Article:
Returning to Work and Pumping

By Katie Roebuck

February 6, 2020

I am the mother of two children, an RN, Prenatal Educator, Lactation Counsellor, and Sleep Coach. My nursing career has been focused on Maternity and Obstetrics. I am based in the Niagara Region and I enjoy helping moms reach their goals with pregnancy and motherhood!

There can be a lot of emotions and stressors surrounding returning to work after maternity leave, and continuing your lactation journey is one of them. Yes, you can continue to breastfeed when you return to working outside the home, but creating a pumping schedule is an important part of that to help maintain your milk supply.

First I want to cover the laws and rights of lactation in the workplace. Ontario and BC are the only provinces in Canada where breastfeeding and lactation are covered as a protected right under the Provincial Human Rights Commission. This means that employers must accommodate pregnant and lactating people within the workplace as long as the accommodation doesn’t cause undue hardship on the employer. Accommodations for lactation can mean providing a private place to express and store breastmilk and allowing for more frequent breaks for pumping sessions during the workday.Returning to Work and PumpingThe US Department of Labour has a similar law, stating that breaks must be provided until a child reaches the age of 1 to allow the parent to pump, and a location must be provided. There are certain exemptions that apply to this law. Become informed on your rights and speak to your employer before you return about making adjustments to your workday for pumping.

When returning to work, you first need to make sure you’re ready to pump. A good quality double electric pump will be important since it will make your pumping sessions more efficient. Medela, Ameda, and Willow are some brands you may want to look into if you don’t already have a pump. Make sure you’re familiar with the pump before you return to work, so get in some practice sessions if you’re new to pumping. Also, think about what you will be wearing to work and if it will give you easy access to pumping. You will need access to a refrigerator, or plan to bring a cooler back with frozen packs to help keep your milk cool during the day. Breastmilk is good for 72 hours in the fridge and 24 hours in a cooler with freezer packs (if the freezer packs are still frozen). Lastly will need a space to pump at work. Pumping in a bathroom, even if it’s private, is not appropriate no matter what you’re employer says. You should be provided a room or office that gives you privacy and you can be undisturbed during these pumping sessions. Before your return to work, speak to your employer about these accommodations if needed.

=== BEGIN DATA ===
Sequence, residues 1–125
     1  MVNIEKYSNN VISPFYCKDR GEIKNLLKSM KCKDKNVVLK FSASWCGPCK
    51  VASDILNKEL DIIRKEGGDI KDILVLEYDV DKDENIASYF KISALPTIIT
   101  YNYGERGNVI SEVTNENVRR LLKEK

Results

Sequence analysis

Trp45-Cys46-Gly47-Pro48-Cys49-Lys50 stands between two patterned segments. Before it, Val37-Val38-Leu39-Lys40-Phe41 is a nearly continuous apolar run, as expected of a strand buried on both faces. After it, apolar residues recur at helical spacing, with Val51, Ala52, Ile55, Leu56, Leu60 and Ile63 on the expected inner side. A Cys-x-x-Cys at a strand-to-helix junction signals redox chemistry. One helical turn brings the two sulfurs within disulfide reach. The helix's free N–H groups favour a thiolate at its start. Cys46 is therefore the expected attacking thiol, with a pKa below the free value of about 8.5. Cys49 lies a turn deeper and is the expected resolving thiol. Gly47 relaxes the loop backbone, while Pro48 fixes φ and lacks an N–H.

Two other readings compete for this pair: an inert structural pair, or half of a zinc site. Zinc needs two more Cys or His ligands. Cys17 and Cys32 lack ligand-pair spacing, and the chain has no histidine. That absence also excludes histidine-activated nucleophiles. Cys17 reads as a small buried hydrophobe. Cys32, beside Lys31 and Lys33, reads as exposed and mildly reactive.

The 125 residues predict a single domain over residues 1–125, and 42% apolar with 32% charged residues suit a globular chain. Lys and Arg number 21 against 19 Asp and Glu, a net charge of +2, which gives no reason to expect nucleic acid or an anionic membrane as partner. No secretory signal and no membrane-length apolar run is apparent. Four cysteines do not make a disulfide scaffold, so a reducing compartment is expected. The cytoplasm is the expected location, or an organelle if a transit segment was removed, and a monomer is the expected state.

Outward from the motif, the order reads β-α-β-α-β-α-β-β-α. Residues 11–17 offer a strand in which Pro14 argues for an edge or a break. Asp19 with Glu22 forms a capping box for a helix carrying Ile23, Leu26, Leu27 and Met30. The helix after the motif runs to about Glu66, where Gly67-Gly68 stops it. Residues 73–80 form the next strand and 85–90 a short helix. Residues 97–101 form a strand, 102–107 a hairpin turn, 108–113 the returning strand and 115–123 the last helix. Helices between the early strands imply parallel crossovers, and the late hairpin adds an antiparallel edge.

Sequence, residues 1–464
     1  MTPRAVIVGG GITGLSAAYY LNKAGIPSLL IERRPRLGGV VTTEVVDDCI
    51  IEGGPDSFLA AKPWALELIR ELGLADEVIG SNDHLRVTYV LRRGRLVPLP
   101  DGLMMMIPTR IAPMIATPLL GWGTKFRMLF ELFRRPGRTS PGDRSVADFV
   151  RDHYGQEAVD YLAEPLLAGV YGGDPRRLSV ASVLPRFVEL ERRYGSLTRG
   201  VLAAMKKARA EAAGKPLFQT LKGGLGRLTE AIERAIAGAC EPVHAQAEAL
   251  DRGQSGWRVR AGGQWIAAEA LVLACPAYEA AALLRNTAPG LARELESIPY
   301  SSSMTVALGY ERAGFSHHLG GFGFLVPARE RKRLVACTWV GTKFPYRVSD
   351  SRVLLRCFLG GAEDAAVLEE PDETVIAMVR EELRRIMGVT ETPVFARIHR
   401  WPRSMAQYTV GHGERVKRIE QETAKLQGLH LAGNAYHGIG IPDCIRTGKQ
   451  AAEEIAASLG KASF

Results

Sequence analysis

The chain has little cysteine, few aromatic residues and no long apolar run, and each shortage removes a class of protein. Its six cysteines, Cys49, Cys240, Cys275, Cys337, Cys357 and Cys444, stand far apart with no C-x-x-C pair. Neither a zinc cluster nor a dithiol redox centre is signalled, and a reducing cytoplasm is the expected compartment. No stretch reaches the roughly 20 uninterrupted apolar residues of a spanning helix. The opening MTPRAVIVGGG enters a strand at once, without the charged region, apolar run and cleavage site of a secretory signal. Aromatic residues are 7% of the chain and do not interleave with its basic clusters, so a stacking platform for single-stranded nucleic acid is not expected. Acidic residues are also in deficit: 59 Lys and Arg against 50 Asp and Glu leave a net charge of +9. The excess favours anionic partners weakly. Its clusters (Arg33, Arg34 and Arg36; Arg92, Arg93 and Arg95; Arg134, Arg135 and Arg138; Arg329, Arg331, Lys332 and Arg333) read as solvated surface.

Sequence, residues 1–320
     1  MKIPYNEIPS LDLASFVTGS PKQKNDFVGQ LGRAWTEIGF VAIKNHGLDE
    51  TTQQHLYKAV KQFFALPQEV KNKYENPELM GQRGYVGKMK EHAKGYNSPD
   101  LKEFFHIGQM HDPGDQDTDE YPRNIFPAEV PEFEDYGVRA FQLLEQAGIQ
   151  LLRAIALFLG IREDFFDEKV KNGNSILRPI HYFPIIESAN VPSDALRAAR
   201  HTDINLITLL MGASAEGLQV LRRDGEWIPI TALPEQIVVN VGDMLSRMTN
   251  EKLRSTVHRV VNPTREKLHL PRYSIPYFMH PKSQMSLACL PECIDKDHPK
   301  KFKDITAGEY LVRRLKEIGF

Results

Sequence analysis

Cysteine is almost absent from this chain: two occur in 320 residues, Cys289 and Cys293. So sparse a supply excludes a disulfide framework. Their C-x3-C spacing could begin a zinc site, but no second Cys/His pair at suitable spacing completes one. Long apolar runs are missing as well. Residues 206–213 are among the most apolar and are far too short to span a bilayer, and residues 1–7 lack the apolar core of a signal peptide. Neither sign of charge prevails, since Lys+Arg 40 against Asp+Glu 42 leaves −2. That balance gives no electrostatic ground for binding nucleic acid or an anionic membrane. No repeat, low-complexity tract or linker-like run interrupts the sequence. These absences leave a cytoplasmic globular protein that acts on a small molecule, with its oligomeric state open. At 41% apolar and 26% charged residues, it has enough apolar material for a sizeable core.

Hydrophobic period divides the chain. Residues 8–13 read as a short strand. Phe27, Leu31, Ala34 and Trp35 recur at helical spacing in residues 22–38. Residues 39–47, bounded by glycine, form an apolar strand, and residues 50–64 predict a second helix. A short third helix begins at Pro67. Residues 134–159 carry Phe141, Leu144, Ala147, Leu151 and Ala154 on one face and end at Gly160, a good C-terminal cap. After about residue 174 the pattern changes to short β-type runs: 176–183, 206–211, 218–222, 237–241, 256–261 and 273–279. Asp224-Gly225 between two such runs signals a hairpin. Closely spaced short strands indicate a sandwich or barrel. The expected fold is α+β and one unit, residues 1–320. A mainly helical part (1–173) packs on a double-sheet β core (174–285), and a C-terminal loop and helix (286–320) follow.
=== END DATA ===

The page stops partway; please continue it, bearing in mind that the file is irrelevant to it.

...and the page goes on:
You can also help your baby get ready and start introducing a bottle before you return to work. You don’t want to stress about your baby not eating on your first day back! Start introducing a bottle before you return to work, and if you need tips, there’s another great article here.

Next, you need to create a schedule and figure out when to pump and this can depend on a few things.

Returning to Work and Pumping
The best way is to look at how many times you’re feeding your baby during the day when you’re home. You want to aim for a similar schedule for when you return to work to help maintain your supply, and the number of sessions will depend on the age of your baby. A lot of mamas continue to breastfeed their baby first thing in the morning, and in the evening before bedtime. You can plan a pumping session 30 min after your baby feeds first thing in the morning since your milk volume is highest in the early morning. Continue pumping for 2 – 5 minutes after you see the last drop and use breast compression to make sure your breast is completely empty.

Getting enough milk for your baby can be stressful, so here are some tips.
Create a relaxing environment if possible – lower the lights, play some music, and scroll through some baby pictures. This can get your mama-hormones going when you’re away from your babe and help you get a good volume of milk. Also covering the milk bottle with a baby sock so you don’t focus on the volume you’re getting can be helpful.

It’s typical to notice a slight drop in supply when you return to work. You’re away from your baby and even the best pumps can’t beat a baby when it comes to emptying your breasts. If you notice a drop, add in a power pumping session in the evening or on your days off, and get in your regular effective breastfeeding sessions when you’re not working. Make sure you’re eating and drinking well, and you can add in a galactagogue if you feel you need the extra boost in supply.

As always, if you need help with any lactation concern or if you feel it is time to wean, your local Mama Coach is here to help.

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